The Government of Canada is providing $3 million through the Canada Cultural Spaces Fund to the Museum of Anthropology at the University of British Columbia
VANCOUVER, June 26, 2017 /CNW/ - The Honourable Mélanie Joly, Minister of Canadian Heritage, today announced $3 million in funding for the Museum of Anthropology (MOA) at the University of British Columbia in support of the Gallery of Northwest Coast Masterworks and a new public education centre.
This investment allowed MOA to renovate existing space within the museum to create a gallery dedicated to Indigenous art from the Northwest Coast. The space houses 230 historic and contemporary masterworks and artifacts—a collection that represents the single largest repatriation of Northwest Coast art to British Columbia to date. MOA purchased and installed state-of-the-art exhibition equipment with this funding to showcase the artworks in the gallery, creating an immersive environment for visitors. The Gallery of Northwest Coast Masterworks officially opened last week.
In addition, funding will also support the construction of a new public education centre at MOA. The centre will include a 144-seat professional theatre, a green room, washrooms, and multipurpose space to be used for expanded programming including lectures, workshops and public performances.
Funding for these initiatives has been provided through the Government of Canada's cultural infrastructure program, the Canada Cultural Spaces Fund.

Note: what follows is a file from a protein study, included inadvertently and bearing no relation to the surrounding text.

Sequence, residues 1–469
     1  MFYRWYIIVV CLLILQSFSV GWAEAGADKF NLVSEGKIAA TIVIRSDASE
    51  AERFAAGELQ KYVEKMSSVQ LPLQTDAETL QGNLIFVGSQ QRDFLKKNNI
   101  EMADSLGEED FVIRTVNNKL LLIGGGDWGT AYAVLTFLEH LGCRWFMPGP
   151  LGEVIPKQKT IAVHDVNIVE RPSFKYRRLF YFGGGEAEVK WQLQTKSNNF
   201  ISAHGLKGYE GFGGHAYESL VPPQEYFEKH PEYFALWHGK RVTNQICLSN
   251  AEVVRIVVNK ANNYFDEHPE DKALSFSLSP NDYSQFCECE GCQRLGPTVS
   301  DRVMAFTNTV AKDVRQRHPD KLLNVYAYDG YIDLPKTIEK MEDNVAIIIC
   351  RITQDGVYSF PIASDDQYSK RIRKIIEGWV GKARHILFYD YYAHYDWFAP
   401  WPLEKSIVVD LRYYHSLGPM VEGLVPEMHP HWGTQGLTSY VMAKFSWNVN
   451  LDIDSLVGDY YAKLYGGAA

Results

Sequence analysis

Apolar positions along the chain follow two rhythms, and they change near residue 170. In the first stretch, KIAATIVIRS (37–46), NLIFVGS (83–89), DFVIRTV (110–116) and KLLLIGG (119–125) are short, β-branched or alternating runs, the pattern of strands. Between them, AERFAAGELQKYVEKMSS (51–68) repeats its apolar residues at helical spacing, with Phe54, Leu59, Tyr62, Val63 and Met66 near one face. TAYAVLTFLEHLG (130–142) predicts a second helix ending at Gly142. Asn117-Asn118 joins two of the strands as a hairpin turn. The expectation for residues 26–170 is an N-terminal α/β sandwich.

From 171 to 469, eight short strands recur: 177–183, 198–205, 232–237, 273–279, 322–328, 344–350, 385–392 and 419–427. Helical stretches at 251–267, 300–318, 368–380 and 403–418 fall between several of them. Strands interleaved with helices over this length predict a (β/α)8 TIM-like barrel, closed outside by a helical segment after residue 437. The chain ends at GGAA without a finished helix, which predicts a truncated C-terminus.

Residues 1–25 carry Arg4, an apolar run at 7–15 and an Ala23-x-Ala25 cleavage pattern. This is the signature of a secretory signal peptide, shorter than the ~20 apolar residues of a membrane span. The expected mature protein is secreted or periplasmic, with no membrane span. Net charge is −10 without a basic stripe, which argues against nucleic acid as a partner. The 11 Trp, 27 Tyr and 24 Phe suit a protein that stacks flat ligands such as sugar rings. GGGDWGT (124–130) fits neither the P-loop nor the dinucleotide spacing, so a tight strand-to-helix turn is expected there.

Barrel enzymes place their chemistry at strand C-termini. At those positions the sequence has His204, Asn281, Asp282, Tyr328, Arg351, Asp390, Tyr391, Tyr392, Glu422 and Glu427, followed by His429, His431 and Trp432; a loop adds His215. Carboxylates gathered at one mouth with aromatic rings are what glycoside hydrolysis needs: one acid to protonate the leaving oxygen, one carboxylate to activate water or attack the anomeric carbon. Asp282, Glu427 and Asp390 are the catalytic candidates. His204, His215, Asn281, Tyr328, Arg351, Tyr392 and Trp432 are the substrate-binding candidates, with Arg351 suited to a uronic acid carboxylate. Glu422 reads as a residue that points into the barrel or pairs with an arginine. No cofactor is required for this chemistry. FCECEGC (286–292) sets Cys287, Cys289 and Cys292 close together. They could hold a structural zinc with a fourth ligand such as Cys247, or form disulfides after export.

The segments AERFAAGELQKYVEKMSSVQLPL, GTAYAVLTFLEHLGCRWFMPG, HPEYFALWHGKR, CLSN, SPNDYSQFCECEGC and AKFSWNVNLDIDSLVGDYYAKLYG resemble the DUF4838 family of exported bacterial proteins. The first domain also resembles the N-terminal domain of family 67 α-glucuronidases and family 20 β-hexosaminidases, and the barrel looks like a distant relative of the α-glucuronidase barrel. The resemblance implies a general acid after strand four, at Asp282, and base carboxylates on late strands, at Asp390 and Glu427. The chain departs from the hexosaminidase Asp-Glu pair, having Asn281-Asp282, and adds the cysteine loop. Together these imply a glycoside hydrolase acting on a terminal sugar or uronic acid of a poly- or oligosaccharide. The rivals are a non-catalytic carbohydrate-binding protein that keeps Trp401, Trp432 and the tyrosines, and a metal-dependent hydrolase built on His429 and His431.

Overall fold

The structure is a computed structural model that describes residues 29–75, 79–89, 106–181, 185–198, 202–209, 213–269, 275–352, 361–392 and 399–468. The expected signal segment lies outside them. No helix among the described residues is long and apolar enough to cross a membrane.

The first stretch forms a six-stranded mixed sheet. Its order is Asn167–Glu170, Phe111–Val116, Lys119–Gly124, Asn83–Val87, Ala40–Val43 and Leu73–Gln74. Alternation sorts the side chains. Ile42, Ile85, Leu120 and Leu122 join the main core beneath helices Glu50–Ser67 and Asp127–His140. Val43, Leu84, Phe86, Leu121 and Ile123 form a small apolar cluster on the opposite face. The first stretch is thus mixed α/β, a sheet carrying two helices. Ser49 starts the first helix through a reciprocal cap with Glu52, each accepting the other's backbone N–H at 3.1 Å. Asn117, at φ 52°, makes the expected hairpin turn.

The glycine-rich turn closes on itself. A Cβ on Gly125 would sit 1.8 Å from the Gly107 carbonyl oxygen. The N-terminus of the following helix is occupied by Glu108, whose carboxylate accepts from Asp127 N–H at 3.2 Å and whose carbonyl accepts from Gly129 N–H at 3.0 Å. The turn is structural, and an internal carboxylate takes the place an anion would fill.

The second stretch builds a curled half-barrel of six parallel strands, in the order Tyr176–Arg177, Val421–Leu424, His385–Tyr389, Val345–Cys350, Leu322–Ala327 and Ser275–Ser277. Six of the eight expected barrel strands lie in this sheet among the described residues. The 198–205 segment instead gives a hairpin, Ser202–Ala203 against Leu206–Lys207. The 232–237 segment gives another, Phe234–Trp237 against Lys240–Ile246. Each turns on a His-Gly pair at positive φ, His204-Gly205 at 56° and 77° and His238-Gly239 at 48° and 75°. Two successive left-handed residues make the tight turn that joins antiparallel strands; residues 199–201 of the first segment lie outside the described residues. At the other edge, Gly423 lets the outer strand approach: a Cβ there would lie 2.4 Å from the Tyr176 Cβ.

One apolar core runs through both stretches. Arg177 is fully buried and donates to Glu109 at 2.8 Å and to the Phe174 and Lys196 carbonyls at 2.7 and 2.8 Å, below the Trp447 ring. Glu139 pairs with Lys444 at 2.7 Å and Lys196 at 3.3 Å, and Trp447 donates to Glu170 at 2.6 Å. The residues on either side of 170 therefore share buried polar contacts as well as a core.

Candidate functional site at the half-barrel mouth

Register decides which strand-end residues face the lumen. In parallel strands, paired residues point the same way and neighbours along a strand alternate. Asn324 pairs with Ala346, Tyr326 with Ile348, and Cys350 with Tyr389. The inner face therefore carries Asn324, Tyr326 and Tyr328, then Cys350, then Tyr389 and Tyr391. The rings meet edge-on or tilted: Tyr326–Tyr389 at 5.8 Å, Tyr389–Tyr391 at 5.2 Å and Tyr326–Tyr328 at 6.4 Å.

"We believe that our heritage and culture, shaped by our diversity, deserves to be celebrated and shared. As stewards of culture and history, museums play an essential role in promoting and showcasing our country's stories. I commend the Museum of Anthropology's commitment to the conservation of unique Indigenous artifacts, and to making these treasures accessible for all to appreciate and enjoy."
—The Honourable Mélanie Joly, Minister of Canadian Heritage
"We are truly grateful to Canadian Heritage for this funding, which will enable the Museum of Anthropology and the University to reach and serve new audiences, artists and the community at large. UBC has a long history of Indigenous engagement, and we look forward to furthering the public's awareness and understanding of Indigenous cultures and histories."
—Professor Santa J. Ono, President of the University of British Columbia
"The Museum of Anthropology has a long-standing commitment to collaborating with Indigenous artists and community members. MOA is grateful for this generous funding from Canadian Heritage, which supports the newly opened Northwest Coast Masterworks Gallery, as well as the expansion of a new theatre and green room that will allow us to offer a more extensive range of lectures, films and performances. We look forward to the opportunity to continue to amplify Indigenous voices through these new amenities."
—Anthony Shelton, Director of the Museum of Anthropology
The Museum of Anthropology at the University of British Columbia is one of the North America's largest teaching museums and one of Vancouver's top tourist destinations.
The Museum houses one of the world's most significant collections of Northwest Coast First Peoples' art in an award-winning building designed by renowned Canadian architect Arthur Erickson.
Western Economic Diversification Canada has also invested $500,000 in support of the Museum's expansion activities. Funding was provided through the Canada 150 Community Infrastructure Program.
The Canada Cultural Spaces Fund program seeks to improve physical conditions for artistic creativity and arts presentation or exhibition. It is also designed to increase access for Canadians to performing, visual and media arts, and to museum collections and heritage displays.
Canada Cultural Spaces Fund
Museum of Anthropology
SOURCE Canadian Heritage
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